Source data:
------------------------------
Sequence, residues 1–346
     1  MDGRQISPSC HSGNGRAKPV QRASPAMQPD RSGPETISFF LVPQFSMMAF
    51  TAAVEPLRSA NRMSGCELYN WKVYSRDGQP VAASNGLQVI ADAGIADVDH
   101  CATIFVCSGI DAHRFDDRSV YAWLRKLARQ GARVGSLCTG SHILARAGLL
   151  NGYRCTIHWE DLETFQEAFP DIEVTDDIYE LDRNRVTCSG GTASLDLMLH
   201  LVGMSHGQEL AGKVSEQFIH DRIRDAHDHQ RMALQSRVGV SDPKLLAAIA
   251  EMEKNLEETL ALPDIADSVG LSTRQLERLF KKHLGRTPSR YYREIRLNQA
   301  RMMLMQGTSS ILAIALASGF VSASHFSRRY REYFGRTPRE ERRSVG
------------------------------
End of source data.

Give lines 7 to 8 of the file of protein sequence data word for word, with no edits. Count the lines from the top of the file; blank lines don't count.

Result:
   251  EMEKNLEETL ALPDIADSVG LSTRQLERLF KKHLGRTPSR YYREIRLNQA
   301  RMMLMQGTSS ILAIALASGF VSASHFSRRY REYFGRTPRE ERRSVG